Fine Art Connoisseur Sep/Oct 2015

art magazine for collectors of fine art

United States
Streamline Publishing
$9.04(Incl. tax)
$42.90(Incl. tax)
6 Issues

in this issue

3 min
art as investment

Whether it’s your intention or not, you are making a financial investment every time you buy a work of art for your collection. Even if you have acquired art for enjoyment only, it’s likely that what you own will grow in value over time. As you continue collecting, it’s wise to consider the longer term. Over the years, I’ve witnessed too many mistakes resulting in unrecoverable losses, tax assessments on heirs that could have been avoided, and massive collections with no remaining “street value.” One collector I know invested $1 million in paintings by a “hot” artist who is now forgotten, which is a shame because my acquaintance could really use that money. (Laurence C. Zale and I have co-authored a report, The 7 Most Serious Financial Mistakes Made by Art…

2 min
honoring great exhibitions

Consider how hard art museum professionals work to conceive and organize their temporary exhibitions and installations of art and design, and also how much money their institutions spend to mount and tour them. Now ask yourself: how are the best of these projects honored, after the lights have dimmed and the loaned artworks have headed home? Oddly, in a world teeming with award ceremonies for seemingly every possible artistic activity, there is no program that recognizes such exhibitions. Fortunately, the Miami-based communications professional Judy Holm noted this oversight and set about creating the Global Fine Art Awards (GFAA). In Miami this coming November 30 — just before that city’s buzzy art fairs are unveiled — the 2015 GFAA winners will be announced and toasted during a red-carpet gala. In 2014, I was…

2 min
auction under the parasol

She was lithe, naked, and posed provocatively with a parasol resting on her shoulder. The model for Whistler’s pastel drawing was likely Carmen Rossi, whom he adorned with a red headdress that falls conspicuously just above the aureole of her breast. “When Whistler first exhibited this drawing in London in 1884, it received a lot of criticism for its brazen nudity, from both professional critics and members of the public,” says Zachary Wirsum of Leslie Hindman Auctioneers, which is auctioning Parasol, Red Note at its September 25 sale of American and European fine art. The American-born Whistler, who had long worked in London as a portraitist and thus was accustomed to modifying his compositions, later reworked this drawing, draping Rossi in a diaphanous gown. “But that addition of the sheer fabric…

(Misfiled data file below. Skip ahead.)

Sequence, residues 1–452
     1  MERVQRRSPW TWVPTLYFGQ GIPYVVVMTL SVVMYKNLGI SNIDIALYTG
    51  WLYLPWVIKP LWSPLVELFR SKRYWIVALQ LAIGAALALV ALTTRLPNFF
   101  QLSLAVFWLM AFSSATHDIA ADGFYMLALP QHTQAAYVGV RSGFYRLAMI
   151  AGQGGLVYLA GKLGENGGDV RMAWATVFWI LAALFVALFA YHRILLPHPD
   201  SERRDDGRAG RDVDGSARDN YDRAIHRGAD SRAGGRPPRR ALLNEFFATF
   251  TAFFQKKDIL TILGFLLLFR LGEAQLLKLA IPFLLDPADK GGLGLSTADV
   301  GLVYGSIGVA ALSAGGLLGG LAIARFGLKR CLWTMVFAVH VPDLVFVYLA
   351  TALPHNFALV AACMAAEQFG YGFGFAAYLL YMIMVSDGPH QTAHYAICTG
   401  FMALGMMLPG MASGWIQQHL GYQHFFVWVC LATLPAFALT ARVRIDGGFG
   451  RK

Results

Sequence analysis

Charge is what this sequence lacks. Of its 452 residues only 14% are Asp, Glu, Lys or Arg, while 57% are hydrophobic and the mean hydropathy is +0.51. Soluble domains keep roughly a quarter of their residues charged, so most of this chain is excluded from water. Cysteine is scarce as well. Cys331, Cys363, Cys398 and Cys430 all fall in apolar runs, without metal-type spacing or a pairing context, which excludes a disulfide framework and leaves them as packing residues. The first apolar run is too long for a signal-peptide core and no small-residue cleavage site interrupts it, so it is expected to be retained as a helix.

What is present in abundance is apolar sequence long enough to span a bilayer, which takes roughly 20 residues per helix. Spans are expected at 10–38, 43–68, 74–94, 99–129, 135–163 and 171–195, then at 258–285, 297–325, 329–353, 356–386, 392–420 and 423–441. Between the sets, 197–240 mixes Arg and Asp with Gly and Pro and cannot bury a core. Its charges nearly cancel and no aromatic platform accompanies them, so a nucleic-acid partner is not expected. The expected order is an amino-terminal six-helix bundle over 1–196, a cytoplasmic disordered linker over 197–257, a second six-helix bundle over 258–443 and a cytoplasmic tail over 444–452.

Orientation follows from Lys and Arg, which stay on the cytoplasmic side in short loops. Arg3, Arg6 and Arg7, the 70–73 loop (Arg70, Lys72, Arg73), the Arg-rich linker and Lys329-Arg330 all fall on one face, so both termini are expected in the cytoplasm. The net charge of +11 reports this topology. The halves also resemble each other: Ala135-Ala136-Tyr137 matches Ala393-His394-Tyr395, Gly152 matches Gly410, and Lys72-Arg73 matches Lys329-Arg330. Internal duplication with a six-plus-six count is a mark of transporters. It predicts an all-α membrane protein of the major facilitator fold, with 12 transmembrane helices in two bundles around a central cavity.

3 min

The fashion designer Anna Sui appears to have rewritten the tragic tale of the Lady of Shalott. Her version of the lovely young woman from King Arthur’s time — doomed to an unrequited love so powerful it led to death — was seen walking a New York runway last year, looking full of life. There she was, her flowing red hair secured with a jeweled headband, wearing a gown composed of a patchwork of motifs, similar to the tapestry the Lady wove. In this medieval story revived by the 19th-century poet Alfred Tennyson and then by the English painter John William Waterhouse, the woman drifts in a rowboat toward the city of Camelot she will never reach, pining for handsome Sir Lancelot. “I designed a daring Pre-Raphaelite collection of clothes based…

6 min
three to watch

KYLE SIMS (b. 1980) paints highly realistic scenes of North America’s wildlife, including bear, bighorn sheep, bison, deer, elk, moose, mountain goat, pronghorn, and river otter, as well as diverse members of the canine and feline families. He was born and raised near Cheyenne, where his parents encouraged his artistic instincts early on. By 13, Sims began to focus on animal painting, inspired particularly by the widely published Belgian animalier Carl Brenders (b. 1937). Within three years, the boy started to attend workshops taught by talents like Paco Young, Terry Isaac, and Daniel Smith, who encouraged him to admire such historical forerunners as Wilhelm Kuhnert, Carl Rungius, Bob Kuhn, and Joaquín Sorolla, plus living role models like Richard Schmid and Clyde Aspevig. Because they dry quickly, Sims started out painting in…

6 min
dean mitchell realer than real

As a young black man working on tobacco farms around the North Florida town of Quincy to help pay his family’s bills, Dean Mitchell (b. 1957) could imagine becoming an artist only with the boldest optimism. Raised by his grandmother since he was 11 months old, his father absent, his mother distant, Mitchell lived in a world where the odds of making it in the competitive field of fine art were very long indeed. Even the family members who raised him, though loving and supportive, saw the situation through a pragmatic lens: “Black people don’t really pay money for pictures,” they told him. “That’s white people stuff.” “But I am a man who likes a challenge,” Mitchell winks, and through his providential combination of innate talent and relentless effort, he has…